Last Updated on Monday, 31 January 2022, 16:57 by Denis Chabrol
A Guyanese man, who has had brushes with the law over the years, has been named as an investor in a start-up Surinamese airline, according to reports from that neighbouring South American nation.
The company named Angel Airways, said it recently partnered with Guyanese businessman and Chief Executive Officer of Aaron Royalty, Jayson Aaron, giving him a 40 percent stake in the start-up carrier.
“Talks with Aaron Royalty began in mid-2021, after previous negotiations with other parties did not lead to a conclusive deal. Things have also been slowed down by the COVID-19 pandemic, which has brought the airline industry almost to a standstill,” the Head of Angel Airways, Etienne Fernandes, was quoted as saying in an article by Surinamese journalist, Ivan Cairo.
Back in 2018, Mr. Aaron had been slapped with eight fraud related charges, and in 2021 he had been arrested for allegedly falsifying a series of WhatsApp messages in a conversation that he had purportedly had with an official of the state-owned Guyana Oil Company. He had imported fuel which had been subsequently seized by the Guyana Revenue Authority.
A high-ranking officer of the Guyana Police Force on Monday said Mr. Aaron was still the subject of an “ongoing” investigation.
The airline aims at flying twice a week between Suriname and the Netherlands onward to destinations such as Thailand, Indonesia and China. Angel Airways was founded in 2007 by Etienne Fernandes, pilot and former commander of the Surinamese Air Force, who also was the Director-General of Suriname’s Civil Aviation Authority,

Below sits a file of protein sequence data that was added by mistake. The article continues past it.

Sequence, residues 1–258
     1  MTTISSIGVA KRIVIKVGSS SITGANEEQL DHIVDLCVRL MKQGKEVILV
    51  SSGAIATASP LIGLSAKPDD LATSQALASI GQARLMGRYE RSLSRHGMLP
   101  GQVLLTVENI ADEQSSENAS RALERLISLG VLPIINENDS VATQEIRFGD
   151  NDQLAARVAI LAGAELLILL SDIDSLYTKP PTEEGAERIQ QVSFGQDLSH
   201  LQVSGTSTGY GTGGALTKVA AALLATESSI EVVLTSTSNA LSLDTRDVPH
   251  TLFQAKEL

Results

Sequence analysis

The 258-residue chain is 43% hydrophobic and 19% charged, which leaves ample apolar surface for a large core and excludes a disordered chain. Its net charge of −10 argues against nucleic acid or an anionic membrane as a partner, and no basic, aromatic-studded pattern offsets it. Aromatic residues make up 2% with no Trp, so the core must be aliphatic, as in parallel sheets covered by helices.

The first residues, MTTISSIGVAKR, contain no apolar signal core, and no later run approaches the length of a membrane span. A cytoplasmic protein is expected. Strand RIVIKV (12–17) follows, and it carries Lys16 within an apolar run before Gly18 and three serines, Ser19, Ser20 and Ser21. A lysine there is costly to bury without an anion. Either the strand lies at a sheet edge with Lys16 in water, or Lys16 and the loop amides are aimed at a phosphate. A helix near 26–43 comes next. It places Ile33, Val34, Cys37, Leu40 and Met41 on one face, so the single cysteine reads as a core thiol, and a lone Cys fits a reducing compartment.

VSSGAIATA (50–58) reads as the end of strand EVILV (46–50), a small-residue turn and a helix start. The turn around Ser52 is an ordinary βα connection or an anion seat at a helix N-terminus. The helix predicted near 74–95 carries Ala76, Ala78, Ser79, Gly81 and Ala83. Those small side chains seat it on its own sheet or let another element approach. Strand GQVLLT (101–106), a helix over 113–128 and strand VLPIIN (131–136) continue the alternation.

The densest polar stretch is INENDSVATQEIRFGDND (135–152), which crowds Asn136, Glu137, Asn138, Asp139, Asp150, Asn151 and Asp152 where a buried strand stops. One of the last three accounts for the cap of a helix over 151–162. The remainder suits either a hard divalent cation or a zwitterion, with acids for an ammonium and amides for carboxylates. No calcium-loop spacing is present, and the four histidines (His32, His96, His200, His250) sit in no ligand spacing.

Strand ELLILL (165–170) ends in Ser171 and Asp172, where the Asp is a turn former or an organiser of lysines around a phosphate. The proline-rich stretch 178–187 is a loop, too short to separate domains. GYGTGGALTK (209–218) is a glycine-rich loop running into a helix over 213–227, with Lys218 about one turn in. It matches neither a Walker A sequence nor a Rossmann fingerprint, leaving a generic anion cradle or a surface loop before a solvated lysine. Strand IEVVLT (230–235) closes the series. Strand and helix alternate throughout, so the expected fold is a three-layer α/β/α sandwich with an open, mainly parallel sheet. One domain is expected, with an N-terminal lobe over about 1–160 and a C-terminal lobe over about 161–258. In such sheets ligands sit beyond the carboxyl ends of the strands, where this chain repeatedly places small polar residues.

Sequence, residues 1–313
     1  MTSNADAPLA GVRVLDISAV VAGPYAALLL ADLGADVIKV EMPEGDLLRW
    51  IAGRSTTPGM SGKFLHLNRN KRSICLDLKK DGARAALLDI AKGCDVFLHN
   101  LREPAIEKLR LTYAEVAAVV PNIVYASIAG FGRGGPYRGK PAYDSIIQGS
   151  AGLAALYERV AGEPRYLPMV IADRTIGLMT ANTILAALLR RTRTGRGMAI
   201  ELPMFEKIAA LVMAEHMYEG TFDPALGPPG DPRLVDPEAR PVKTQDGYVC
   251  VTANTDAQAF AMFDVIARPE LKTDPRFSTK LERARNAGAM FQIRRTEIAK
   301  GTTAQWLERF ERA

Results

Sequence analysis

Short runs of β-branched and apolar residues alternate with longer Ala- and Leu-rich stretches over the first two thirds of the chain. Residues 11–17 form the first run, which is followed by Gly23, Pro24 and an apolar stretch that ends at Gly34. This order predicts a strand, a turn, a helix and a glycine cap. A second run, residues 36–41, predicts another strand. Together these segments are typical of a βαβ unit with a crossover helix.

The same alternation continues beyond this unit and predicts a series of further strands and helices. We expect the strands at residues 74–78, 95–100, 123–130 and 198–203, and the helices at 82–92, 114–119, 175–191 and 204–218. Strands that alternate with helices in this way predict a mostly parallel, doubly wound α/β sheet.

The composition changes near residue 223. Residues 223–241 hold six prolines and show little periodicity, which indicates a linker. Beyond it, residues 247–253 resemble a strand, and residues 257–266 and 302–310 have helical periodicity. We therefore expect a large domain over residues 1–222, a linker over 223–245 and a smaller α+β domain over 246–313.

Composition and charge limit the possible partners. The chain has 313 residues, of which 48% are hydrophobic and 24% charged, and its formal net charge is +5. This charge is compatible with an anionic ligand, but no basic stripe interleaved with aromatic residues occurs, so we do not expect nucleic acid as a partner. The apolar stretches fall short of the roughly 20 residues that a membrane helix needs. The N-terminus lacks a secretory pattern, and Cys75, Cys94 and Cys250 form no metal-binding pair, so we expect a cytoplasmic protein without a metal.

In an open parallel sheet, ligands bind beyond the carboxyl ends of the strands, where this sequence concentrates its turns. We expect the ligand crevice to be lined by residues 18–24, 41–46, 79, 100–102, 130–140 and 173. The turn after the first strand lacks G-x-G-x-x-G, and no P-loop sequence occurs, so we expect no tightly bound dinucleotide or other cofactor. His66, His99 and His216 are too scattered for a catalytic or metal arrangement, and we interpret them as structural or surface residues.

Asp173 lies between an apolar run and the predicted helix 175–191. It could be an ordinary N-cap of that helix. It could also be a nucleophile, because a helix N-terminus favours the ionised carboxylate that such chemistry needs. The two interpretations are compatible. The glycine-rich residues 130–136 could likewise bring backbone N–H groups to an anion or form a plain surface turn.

Mr. Fernandes says that after months of negotiations with various potential foreign partners, Mr. Aaron, is on
board. It took some time to find the right partners, Fernandes said. “We had negotiations with serious parties, but there were also jokers and scammers among them,” he added.
If all goes as expected and permission is obtained from the Surinamese authorities, Angel Airways wants to start its operations in the last quarter of this year and as early as October, the entrepreneur said.
Mr. Fernandes says that based on the aviation treaty between Suriname and the Netherlands, Paramaribo can authorize three companies to maintain operations between the two countries.
The Netherlands may also grant permission to three airlines. The Surinamese side currently allows national carrier Surinam Airways and Fly All Ways to maintain the aforementioned route. :Suriname therefore still has room to grant a license to one airline and we are convinced that our company and the way in which we want to operate will meet the conditions,” ; said the CEO of Angel Airways.
In the first phase, flights will be operated to Europe and further to the Far East. Two Boeing 777-300ER aircrafts will be deployed for those operations. In the second phase, operations in the Caribbean region connecting to Canada and the USA will be conducted with Boeing 737-800 aircrafts. One of the routes that Angel Airways wants to
service from the Netherlands is the Netherlands-Brasilia route via Paramaribo. There is no direct flight on that route yet, Fernandes notes. Flight operations between China and Jamaica are also being studied. The aim is not to offer cheaper tickets than other carriers, but to offer a better service to passengers, Mr. Fernandes says.